REVIEW: Much Ado About Nothing

A fresh take on Shakespeare that definitely paid off

ADC Cambridge cambridge students Cambridge University May Week review the tab Theatre university

Almost everyone knows the plot of this play: two people who are madly in love are somehow torn apart, and two people who seem to hate each other gradually realise that they couldn’t imagine life without the other.

It’s the plot of romcoms and romance novels galore but, as with so many things, Shakespeare did it first. This production was very conscious of its Shakespearean roots, but managed to completely disregard any hero-worship and produce a really fresh and honest show.

In the beautiful surroundings of the Peterhouse Deer Park (sadly minus the deer), the pared-back wooden set seemed natural and matched the show’s utterly uncontrived atmosphere – there was a simple wooden bridge and arch with flowers twined round it, and with the casual ninetees costumes and live music, the whole thing felt like a lovely mini festival. It was the perfect way to spend a sunny afternoon, and I take my (sun) hat off to the organisation of the whole team behind the play: it was all pleasingly relaxed but they even managed to serve everyone lemonade in the interval! I hope next year sees another summery Shakespeare in the Deer Park, for which this production set a very high bar.

Girl gang! – Photo Credits to Georgia Humphrey

The obvious auditory difficulties with performing outside were dealt with very well, and if at times some of the language was muffled, the acting was so overwhelmingly good that not only did it not matter, but it actually added to the sincerity and genuine feel of the whole show. In the same way, the comedy of the scenes between Dogberry (Elliott Wright) and Verges (Damian Walsh) was made all the funnier by the way they embraced a slightly metatheatrical unrehearsed vibe.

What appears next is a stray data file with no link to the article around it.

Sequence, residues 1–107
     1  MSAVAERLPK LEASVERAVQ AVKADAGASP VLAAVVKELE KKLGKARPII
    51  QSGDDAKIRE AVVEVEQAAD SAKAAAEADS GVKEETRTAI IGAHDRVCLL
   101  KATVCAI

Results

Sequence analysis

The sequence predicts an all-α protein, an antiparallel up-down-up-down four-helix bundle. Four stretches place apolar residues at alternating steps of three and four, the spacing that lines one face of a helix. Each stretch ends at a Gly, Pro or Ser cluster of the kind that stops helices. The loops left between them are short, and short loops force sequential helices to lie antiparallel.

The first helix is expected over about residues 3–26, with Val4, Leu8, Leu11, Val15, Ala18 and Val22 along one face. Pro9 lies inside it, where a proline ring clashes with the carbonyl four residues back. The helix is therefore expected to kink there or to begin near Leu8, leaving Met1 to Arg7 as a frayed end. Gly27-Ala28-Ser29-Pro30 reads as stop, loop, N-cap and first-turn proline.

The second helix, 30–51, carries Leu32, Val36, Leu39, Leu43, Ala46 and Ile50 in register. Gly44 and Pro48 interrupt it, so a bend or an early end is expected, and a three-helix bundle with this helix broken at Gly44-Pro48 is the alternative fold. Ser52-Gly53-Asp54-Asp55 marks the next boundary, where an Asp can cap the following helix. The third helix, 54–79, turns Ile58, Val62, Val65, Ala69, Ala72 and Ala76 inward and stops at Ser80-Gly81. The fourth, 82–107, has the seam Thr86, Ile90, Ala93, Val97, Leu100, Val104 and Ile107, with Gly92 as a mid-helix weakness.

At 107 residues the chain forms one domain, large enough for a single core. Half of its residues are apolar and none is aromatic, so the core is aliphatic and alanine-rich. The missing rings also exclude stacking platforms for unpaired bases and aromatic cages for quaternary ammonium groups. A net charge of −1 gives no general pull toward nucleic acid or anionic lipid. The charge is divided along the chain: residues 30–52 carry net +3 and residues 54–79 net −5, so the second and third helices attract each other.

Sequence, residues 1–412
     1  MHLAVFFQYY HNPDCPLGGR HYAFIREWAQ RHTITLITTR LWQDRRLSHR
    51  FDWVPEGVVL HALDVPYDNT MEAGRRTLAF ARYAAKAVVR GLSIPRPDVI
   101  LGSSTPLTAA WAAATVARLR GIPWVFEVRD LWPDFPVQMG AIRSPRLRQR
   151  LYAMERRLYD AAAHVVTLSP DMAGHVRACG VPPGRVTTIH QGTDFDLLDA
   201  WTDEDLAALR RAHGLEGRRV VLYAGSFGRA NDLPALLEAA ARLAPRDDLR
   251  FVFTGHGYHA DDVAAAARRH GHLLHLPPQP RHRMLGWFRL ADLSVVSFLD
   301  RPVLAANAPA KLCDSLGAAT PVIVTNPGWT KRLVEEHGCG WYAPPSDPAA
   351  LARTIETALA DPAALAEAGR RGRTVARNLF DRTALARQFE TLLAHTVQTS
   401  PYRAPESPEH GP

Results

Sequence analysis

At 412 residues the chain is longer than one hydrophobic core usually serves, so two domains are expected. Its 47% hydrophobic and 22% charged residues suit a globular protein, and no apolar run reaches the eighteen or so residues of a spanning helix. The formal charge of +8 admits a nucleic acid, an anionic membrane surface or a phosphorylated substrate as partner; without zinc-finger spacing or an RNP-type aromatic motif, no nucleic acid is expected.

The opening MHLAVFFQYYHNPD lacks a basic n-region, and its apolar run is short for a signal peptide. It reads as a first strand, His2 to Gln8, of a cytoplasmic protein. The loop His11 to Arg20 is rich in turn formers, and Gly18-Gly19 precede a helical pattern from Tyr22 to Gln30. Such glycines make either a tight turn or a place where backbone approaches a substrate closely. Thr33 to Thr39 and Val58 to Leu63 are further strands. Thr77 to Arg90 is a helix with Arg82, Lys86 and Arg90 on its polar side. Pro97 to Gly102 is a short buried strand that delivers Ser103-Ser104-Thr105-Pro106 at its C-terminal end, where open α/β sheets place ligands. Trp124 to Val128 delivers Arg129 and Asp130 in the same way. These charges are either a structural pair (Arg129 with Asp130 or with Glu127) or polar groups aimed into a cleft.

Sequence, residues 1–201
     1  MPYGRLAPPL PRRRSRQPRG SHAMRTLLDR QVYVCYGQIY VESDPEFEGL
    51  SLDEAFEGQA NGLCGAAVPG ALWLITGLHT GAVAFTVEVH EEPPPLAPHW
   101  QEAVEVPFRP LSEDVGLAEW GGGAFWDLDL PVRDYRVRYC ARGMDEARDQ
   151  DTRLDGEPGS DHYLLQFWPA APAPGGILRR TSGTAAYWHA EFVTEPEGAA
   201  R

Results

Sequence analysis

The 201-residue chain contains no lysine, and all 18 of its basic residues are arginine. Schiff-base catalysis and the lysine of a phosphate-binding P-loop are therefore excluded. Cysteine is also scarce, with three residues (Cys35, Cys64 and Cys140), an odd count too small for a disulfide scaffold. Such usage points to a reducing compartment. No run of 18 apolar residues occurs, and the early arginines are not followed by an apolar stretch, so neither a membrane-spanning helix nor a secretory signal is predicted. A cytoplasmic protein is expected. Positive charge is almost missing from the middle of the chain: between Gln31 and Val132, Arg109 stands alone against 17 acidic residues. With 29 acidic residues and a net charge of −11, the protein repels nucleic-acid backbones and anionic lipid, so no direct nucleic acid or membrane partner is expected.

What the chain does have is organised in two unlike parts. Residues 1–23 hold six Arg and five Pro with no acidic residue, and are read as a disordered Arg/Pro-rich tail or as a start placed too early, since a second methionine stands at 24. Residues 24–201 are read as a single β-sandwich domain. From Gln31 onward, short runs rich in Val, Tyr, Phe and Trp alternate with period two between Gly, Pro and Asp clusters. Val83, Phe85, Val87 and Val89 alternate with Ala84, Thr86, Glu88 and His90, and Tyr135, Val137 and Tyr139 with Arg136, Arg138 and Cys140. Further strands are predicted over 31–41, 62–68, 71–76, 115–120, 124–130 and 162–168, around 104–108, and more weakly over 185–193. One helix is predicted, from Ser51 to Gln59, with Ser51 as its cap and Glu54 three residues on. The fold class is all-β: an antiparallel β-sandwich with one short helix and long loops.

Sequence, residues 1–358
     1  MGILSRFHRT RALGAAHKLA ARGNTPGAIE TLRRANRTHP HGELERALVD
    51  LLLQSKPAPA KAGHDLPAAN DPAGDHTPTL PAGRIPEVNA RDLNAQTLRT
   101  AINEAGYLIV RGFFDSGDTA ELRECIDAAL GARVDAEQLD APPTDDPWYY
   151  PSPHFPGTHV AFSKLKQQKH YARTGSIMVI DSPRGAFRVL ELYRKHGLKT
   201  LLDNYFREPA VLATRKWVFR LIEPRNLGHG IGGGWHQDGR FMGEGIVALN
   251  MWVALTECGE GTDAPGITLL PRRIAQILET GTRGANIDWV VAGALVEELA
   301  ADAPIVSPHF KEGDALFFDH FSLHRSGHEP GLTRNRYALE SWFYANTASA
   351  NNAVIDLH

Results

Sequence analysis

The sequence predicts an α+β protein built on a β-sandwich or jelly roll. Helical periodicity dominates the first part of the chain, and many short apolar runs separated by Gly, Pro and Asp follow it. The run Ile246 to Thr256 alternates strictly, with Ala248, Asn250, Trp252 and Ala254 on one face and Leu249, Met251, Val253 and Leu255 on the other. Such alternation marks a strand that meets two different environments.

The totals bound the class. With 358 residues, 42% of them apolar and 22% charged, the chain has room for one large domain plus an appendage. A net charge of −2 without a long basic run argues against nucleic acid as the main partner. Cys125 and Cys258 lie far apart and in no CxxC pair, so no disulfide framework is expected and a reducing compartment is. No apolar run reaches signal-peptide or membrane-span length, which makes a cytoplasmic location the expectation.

The protagonists, Beatrice (Olly Francis) and Benedick (Comrie Saville-Ferguson) were consistently brilliant: the verbal comedy was superbly executed, and the progression of their relationship from banter to love was utterly sweet and very believable. Their endearing awkwardness accentuated the fact that everything felt very young and fresh, with all of the characters seeming to feel things very genuinely, making the show accessible as well as entertaining.

Benedick (Comrie Saville-Ferguson) and Beatrice (Olly Francis) – Photo Credits to Georgia Humphrey

Comrie Saville-Ferguson gave an outstanding performance, securing many laughs from the audience, but also allowing his character’s vulnerability to shine through, making his part much more than a two-dimensional comic lead. The moment when he reluctantly confesses that he will be “horribly in love” with Beatrice was so touching and genuine, and was made all the more so in contrast to his hyperactive comedy in the gulling scene. He was well matched by Olly Francis’ excellent portrayal of Beatrice, from her relationship with her friends to her frustration and confusion as she overhears them talking about her and Benedick, to her superbly timed comedy and asides to the audience, she stayed in character and produced a very likeable, relatable lead that the audience loved.

One audience member remarked that they usually have to look up the plot of Shakespeare plays before going to see them in order to understand the action, but that they hadn’t done that for this show and that they could understand perfectly. It was true to the original without being too precious, and brought out the relaxed humour at the same time as performing some very touching serious moments.

This show deserves full marks, not because it was flawless, but because its imperfections were so absolutely perfect for the play.